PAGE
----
This article is from the Alternative Medicine Therapies guide.
Visiting a color therapist should be an enjoyable and relaxing experience. The treatment room should be warm and the chair or couch should be comfortable. The therapist should take your medical history, noting any drugs you may be on (see Cautions, below).
Unless you are seeking treatment for a psychological problem, you will probably be asked to don a robe. Or you may need to remove some clothing in order to expose certain areas of your body to colored lights.
Color therapists use a variety of techniques. Some shine beams of filtered light onto the part of the body being treated. Others use flashing colored lights. Still others shine a filtered and softened beam of colored light directly into the eyes. If the therapist prefers, colored silks may be used instead of lights.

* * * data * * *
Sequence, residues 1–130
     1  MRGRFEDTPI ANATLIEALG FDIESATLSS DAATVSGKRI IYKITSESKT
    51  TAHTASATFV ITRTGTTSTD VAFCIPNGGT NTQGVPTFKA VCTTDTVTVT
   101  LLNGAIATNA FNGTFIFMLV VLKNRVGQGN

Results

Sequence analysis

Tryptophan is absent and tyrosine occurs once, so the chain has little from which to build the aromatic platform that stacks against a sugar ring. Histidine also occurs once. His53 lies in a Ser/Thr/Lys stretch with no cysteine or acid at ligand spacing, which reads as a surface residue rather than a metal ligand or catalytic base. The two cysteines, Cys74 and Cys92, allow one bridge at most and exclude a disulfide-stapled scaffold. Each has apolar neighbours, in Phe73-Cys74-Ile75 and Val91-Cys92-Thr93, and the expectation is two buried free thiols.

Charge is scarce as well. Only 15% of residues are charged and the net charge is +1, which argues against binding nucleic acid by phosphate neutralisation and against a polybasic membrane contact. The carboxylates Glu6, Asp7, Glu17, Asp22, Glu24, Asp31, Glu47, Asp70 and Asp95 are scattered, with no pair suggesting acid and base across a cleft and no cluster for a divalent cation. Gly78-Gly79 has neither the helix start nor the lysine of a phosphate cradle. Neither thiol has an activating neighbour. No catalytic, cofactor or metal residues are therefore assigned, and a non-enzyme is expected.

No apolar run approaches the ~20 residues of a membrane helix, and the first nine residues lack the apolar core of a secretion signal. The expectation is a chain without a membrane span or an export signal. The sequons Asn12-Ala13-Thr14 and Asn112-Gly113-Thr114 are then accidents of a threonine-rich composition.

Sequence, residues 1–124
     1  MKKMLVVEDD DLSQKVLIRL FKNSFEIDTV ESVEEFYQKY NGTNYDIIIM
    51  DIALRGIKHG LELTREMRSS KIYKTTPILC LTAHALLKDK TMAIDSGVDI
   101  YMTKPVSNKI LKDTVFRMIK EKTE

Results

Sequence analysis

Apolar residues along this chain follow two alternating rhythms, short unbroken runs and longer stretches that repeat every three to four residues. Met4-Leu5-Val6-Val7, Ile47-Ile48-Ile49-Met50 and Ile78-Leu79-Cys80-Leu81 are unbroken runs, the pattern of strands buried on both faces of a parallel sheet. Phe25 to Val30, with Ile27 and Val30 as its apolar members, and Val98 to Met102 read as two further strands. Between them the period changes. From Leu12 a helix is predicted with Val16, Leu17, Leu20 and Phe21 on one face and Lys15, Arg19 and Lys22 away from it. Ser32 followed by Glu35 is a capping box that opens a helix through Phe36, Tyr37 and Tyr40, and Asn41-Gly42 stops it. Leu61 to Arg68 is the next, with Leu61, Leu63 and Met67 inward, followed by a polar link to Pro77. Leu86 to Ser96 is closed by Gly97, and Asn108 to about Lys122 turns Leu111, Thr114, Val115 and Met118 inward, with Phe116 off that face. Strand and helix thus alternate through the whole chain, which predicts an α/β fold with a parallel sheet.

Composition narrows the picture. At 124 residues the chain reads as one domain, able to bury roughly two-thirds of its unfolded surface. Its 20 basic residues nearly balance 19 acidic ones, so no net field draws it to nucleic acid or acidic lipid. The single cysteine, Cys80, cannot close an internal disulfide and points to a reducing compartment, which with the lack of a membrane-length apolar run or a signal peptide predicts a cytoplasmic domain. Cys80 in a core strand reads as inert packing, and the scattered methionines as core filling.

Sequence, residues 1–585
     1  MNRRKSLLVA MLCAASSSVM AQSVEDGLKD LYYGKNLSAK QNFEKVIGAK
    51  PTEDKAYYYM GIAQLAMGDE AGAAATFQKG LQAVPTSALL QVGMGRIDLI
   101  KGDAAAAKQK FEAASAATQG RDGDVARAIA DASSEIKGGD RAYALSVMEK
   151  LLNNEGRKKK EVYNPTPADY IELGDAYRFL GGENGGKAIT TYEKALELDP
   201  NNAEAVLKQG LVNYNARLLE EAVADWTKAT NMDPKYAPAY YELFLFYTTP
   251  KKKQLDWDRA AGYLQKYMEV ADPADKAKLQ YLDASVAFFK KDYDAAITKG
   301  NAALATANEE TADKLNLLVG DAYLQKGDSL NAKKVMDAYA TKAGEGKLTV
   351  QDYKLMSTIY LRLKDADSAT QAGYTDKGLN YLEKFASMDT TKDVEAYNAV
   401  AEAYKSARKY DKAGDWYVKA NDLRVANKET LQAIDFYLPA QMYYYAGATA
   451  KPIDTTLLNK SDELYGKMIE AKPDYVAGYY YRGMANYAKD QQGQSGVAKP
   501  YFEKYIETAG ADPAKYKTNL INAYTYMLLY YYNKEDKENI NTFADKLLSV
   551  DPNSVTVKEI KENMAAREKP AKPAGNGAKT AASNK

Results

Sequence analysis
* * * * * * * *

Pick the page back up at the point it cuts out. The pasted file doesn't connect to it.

If you are seeing a practitioner of Ayurvedic medicine, he'll likely have a chart to explain the healing powers of the different colors and how they effect corresponding chakras. If you considering color therapy for psychological reasons, you may be asked to take the "Lücher Color Test."
The diagnosis and method of treatment will determine the number of therapy sessions required.
Some forms of color therapy are simple and safe enough to be done at home, and the therapist may recommend that you try one or more of them. These include wearing clothes of a recommended color, eating certain colorful foods, visualizing a particular color while meditating, and sitting in front of a color-filtered light for a period of time. If you suffer from SAD, the practitioner will probably recommend that you purchase a bright-light box or special light visor for regular use at home.